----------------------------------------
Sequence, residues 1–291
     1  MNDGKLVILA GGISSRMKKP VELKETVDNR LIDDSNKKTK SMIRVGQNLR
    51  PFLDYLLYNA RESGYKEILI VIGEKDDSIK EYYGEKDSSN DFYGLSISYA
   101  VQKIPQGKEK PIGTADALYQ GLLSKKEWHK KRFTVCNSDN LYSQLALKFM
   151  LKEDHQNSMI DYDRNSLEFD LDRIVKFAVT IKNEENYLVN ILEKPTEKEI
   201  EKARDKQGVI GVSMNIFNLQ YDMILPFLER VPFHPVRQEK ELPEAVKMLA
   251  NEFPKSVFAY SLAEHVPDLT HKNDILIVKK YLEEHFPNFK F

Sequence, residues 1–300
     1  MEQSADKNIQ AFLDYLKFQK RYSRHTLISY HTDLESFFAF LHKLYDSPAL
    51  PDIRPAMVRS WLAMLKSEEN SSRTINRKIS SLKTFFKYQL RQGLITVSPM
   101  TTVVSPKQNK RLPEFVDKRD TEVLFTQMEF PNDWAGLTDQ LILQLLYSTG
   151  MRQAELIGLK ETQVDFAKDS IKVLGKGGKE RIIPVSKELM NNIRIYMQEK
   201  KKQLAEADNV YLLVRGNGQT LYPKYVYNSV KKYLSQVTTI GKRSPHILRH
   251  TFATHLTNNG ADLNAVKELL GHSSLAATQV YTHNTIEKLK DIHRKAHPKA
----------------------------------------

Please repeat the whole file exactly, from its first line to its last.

Sequence, residues 1–291
     1  MNDGKLVILA GGISSRMKKP VELKETVDNR LIDDSNKKTK SMIRVGQNLR
    51  PFLDYLLYNA RESGYKEILI VIGEKDDSIK EYYGEKDSSN DFYGLSISYA
   101  VQKIPQGKEK PIGTADALYQ GLLSKKEWHK KRFTVCNSDN LYSQLALKFM
   151  LKEDHQNSMI DYDRNSLEFD LDRIVKFAVT IKNEENYLVN ILEKPTEKEI
   201  EKARDKQGVI GVSMNIFNLQ YDMILPFLER VPFHPVRQEK ELPEAVKMLA
   251  NEFPKSVFAY SLAEHVPDLT HKNDILIVKK YLEEHFPNFK F

Sequence, residues 1–300
     1  MEQSADKNIQ AFLDYLKFQK RYSRHTLISY HTDLESFFAF LHKLYDSPAL
    51  PDIRPAMVRS WLAMLKSEEN SSRTINRKIS SLKTFFKYQL RQGLITVSPM
   101  TTVVSPKQNK RLPEFVDKRD TEVLFTQMEF PNDWAGLTDQ LILQLLYSTG
   151  MRQAELIGLK ETQVDFAKDS IKVLGKGGKE RIIPVSKELM NNIRIYMQEK
   201  KKQLAEADNV YLLVRGNGQT LYPKYVYNSV KKYLSQVTTI GKRSPHILRH
   251  TFATHLTNNG ADLNAVKELL GHSSLAATQV YTHNTIEKLK DIHRKAHPKA